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On Variables, Calculations, and New Units

Published 15 December, 2012 Updated 7 August, 2019

Disclaimer: Alright, don't get too excited. This stuff isn't backwards-compatible at all. However, there are fallback solutions and it's pretty darn cool that it's actually being spec'd.

Web designers were begging for variables and calculations in CSS well before LESS and Sass came along However, Sass and LESS output can sometimes bloat your CSS and, while it's pretty fun to play with, it's a pain to have to recompile your CSS after every change. Fortunately, the W3C has come in like the proverbial Mary Poppins and to give them a spit shine, making everything all fresh and new again.

Variables

Mmmmmmmmm, variables. We've used them in almost every language but CSS… Until now. Admittedly, CSS variables are quite a long way off. They're still in a W3C Level 1 module so you won't be able to play with them for a while unless you want to get into the Webkit nightly builds. Still, it's fun to think about all of the amazing things we're going to be doing with them in a year…

Here's what variables might look like in CSS3. Keep in mind that since it's still Level 1, it's subject to change. To declare a variable, you'll create it inside an element. All of the examples are declaring them in the :root{} using the var prefix like this:

:root {
 var-mainColor: #0c0;
}

You can then call the variables later on in the code by using the var() syntax:

p {
 background-color: var(mainColor);
}

My main use for this in CSS has been dealing with branding colors. I can set all of the branding colors in the top of the stylesheet and use the variables throughout code, like this:

:root {
 var-primaryColor: #0d56a6;
 var-secondaryColor: #4186d3;
 var-tertiaryColor: #689ad3;
}
header {
 background-color: var(primaryColor);
}
header > nav {
 background-color: var(secondaryColor);
}
article {
 background-color: var(tertiaryColor);
}
button {
 background-image:
   linear-gradient(
     bottom,
     var(primaryColor) 0,
     var(secondaryColor) 50%,
     var(tertiaryColor) 100%
   );
}

From this point on if I want to change the color scheme I can just change the colors in my :root element and they'll change across the entire website! I do hope, however, that before the spec is released we get the ability to create full property set variables that work like SASS mixins. The ability to do something like this would be stupendous:

var gradient (color1, color2, color3) {
 background-image:
   linear-gradient(
     bottom,
     var(color1) 0,
     var(color2) 50%,
     var(color3) 100%
   );
}
article {
 gradient(#0d56a6, #4186d3, #689ad3);
 border: 1px solid #000;
}

W3C Module

Calculations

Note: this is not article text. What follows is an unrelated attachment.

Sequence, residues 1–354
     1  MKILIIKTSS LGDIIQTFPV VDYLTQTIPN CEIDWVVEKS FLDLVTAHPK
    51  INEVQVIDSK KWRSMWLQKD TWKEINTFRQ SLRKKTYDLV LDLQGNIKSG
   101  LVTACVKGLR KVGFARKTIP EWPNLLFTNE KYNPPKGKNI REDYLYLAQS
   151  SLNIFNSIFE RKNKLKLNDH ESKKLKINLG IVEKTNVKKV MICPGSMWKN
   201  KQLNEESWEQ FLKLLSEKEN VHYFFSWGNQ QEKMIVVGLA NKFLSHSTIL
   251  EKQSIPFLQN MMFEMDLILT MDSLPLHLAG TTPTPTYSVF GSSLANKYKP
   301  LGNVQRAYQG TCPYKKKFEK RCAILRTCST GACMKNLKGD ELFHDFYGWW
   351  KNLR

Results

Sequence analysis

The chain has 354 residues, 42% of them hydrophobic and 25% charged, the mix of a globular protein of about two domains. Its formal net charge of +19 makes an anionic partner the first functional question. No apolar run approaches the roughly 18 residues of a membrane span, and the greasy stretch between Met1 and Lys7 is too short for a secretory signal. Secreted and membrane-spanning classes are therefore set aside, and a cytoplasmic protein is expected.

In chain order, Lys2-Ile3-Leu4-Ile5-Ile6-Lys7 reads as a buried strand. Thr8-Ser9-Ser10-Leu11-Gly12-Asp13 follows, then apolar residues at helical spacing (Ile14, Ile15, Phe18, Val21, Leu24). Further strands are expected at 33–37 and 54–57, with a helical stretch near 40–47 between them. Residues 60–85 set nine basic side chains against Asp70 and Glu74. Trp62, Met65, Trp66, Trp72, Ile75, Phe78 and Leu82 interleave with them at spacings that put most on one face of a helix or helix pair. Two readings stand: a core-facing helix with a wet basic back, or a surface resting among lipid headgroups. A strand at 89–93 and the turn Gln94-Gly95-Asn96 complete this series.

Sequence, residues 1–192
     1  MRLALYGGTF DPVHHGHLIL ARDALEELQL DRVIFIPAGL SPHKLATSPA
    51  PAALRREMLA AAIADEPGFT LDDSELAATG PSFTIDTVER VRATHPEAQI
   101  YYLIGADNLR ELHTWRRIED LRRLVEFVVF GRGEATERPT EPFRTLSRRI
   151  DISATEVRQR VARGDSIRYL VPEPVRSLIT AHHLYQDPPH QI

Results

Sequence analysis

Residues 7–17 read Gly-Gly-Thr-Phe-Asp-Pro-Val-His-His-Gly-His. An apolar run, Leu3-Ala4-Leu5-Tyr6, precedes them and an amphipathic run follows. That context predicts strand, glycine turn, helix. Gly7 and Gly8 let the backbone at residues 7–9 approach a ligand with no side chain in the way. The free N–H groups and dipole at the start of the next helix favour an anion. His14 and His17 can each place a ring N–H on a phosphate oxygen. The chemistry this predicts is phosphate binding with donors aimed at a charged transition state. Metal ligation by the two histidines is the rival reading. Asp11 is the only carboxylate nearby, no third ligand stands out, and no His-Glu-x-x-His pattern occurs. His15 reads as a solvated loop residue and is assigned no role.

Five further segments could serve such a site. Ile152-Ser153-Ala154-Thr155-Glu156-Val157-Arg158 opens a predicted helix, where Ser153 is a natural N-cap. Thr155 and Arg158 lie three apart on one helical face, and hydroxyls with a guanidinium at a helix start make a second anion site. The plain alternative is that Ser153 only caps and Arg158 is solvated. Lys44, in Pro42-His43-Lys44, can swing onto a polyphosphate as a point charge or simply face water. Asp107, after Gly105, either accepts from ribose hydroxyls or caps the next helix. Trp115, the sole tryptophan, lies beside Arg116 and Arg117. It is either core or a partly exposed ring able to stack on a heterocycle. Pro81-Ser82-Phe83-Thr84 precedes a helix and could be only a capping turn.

Calculations are in a W3C Level 3 module, meaning they're pretty close to making it into the CSS3 full spec. If all goes well, we'll be able to consider them totally safe to use come next June. However, we can already play with them in the latest version of Chrome, Firefox, Opera, and Safari, as well as IE9/10.

So why are calculations so exciting? How about this horizontal centering:

body {
 margin-left: calc(960px / -2);
 width: 960px;
}

MDN Page | W3C Module

Units

There are some really snazzy new units coming with CSS3 but the ones I'm most excited about are rem, vw, vh, vmin, and vmax.

rem

We're all aware of the em which we're encouraged to use for the sake of magnified page viewing. However, I've avoided them for quite sometime because they're a major pain in the ass to try to calculate. I don't like having to figure out what my em value is based on it's parent's calculated value which is based on it's parent's calculated value which is based on it's parent's calculated value which is… It just sucks. The rem, however, is here to save the day! The rem is similar to the em except that it's always relative to the em value of the root of the page. Take this code:

:root {
 font-size: 20px;
}
.box1 {
 font-size: 2em;
}
.box1 > .box2 {
 font-size: 2em;
}
.box3 {
 font-size: 3rem;
}
.box3 > .box4 {
 font-size: 1rem;
}

In this case, .box2 will have a font-size of 80px (2em of 20px = 40px, then 2em of 2em of 20px = 80px) but .box4 will have a font-size of 20px (.box3 would be 3rem of 20px = 60px, .box4 if 1rem of 20px = 20px). It's actually even more complicated than that, but this is the general way to figure everything up. rems are much easier to use then ems, hands down.

vw and vh

Even more awesome are the units that calculate based on the size of the viewport! vw and vh are percentages of the viewport width and height, respectively. Each vw/vh is 1% of the viewport size, so think about this:

nav {
 width: 100vw;
}
nav a {
 min-width: 100px;
 width: 20vw;
}

With this you can create a navbar with 5 elements that is always the same size as the viewport! The min-width also makes sure that the links will never be too small so you can stack them or turn them into a vertical menu for super tiny screens.

vmin and vmax

These guys are always relative to the larger or smaller size between the vh and vw. In other words, if the width of the viewport is smaller than the height (maybe its a smartphone in portrait mode) then the vmin will be relative to the width and the vmax will be relative to the height.

W3C Module